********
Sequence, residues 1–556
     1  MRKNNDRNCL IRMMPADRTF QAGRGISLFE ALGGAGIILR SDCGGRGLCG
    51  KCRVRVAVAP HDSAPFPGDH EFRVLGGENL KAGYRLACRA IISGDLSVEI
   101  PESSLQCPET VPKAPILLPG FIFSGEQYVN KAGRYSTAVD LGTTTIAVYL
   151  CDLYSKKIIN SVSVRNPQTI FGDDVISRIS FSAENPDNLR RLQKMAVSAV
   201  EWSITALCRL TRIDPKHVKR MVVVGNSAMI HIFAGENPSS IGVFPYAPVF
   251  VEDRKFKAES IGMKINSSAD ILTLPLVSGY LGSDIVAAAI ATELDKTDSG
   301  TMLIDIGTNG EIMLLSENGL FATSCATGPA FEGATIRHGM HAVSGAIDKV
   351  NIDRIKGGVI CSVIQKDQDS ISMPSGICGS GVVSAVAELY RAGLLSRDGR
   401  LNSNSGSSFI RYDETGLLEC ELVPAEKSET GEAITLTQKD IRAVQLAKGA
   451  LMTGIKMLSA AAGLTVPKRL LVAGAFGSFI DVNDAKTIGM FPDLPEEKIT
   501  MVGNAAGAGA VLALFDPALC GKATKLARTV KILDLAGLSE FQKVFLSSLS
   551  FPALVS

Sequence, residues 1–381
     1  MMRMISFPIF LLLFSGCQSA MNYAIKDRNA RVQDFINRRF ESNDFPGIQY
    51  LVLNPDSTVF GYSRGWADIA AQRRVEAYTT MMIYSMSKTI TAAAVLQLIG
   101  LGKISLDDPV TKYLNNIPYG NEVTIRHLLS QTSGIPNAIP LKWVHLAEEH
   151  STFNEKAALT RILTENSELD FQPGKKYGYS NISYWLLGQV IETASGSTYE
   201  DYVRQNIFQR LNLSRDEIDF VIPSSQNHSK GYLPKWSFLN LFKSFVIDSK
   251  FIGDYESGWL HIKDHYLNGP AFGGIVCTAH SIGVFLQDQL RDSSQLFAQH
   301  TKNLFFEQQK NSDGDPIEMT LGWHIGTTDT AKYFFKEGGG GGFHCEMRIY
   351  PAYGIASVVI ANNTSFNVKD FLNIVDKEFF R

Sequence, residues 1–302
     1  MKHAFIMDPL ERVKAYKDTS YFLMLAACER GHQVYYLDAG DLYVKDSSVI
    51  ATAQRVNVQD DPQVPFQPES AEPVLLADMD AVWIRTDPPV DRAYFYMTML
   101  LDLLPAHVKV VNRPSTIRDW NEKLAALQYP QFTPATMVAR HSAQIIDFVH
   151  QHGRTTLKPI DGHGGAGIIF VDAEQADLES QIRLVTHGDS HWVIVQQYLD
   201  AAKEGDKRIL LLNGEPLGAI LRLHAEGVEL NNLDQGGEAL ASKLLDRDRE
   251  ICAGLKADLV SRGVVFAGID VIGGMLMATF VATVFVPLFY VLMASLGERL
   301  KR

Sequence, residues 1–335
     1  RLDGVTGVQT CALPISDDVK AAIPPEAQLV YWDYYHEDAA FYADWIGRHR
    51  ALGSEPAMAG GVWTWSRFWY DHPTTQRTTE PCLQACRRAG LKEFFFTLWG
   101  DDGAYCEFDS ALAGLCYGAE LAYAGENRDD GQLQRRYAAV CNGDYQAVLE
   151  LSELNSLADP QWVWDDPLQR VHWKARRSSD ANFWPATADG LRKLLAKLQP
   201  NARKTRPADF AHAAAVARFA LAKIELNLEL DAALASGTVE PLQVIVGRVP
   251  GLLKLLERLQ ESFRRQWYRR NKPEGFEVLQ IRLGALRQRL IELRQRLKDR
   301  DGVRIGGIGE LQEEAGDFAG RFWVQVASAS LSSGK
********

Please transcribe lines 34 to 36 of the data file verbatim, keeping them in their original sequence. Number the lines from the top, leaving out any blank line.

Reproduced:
   101  DDGAYCEFDS ALAGLCYGAE LAYAGENRDD GQLQRRYAAV CNGDYQAVLE
   151  LSELNSLADP QWVWDDPLQR VHWKARRSSD ANFWPATADG LRKLLAKLQP
   201  NARKTRPADF AHAAAVARFA LAKIELNLEL DAALASGTVE PLQVIVGRVP